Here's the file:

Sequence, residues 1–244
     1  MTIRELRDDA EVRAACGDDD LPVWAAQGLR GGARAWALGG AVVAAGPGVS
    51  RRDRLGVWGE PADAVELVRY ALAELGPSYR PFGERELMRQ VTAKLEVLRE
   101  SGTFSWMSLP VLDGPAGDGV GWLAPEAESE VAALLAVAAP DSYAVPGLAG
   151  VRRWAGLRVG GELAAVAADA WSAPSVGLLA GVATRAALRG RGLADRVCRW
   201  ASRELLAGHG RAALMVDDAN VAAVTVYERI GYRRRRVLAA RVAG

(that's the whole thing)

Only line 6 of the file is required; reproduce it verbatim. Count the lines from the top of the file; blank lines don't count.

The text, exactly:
   201  ASRELLAGHG RAALMVDDAN VAAVTVYERI GYRRRRVLAA RVAG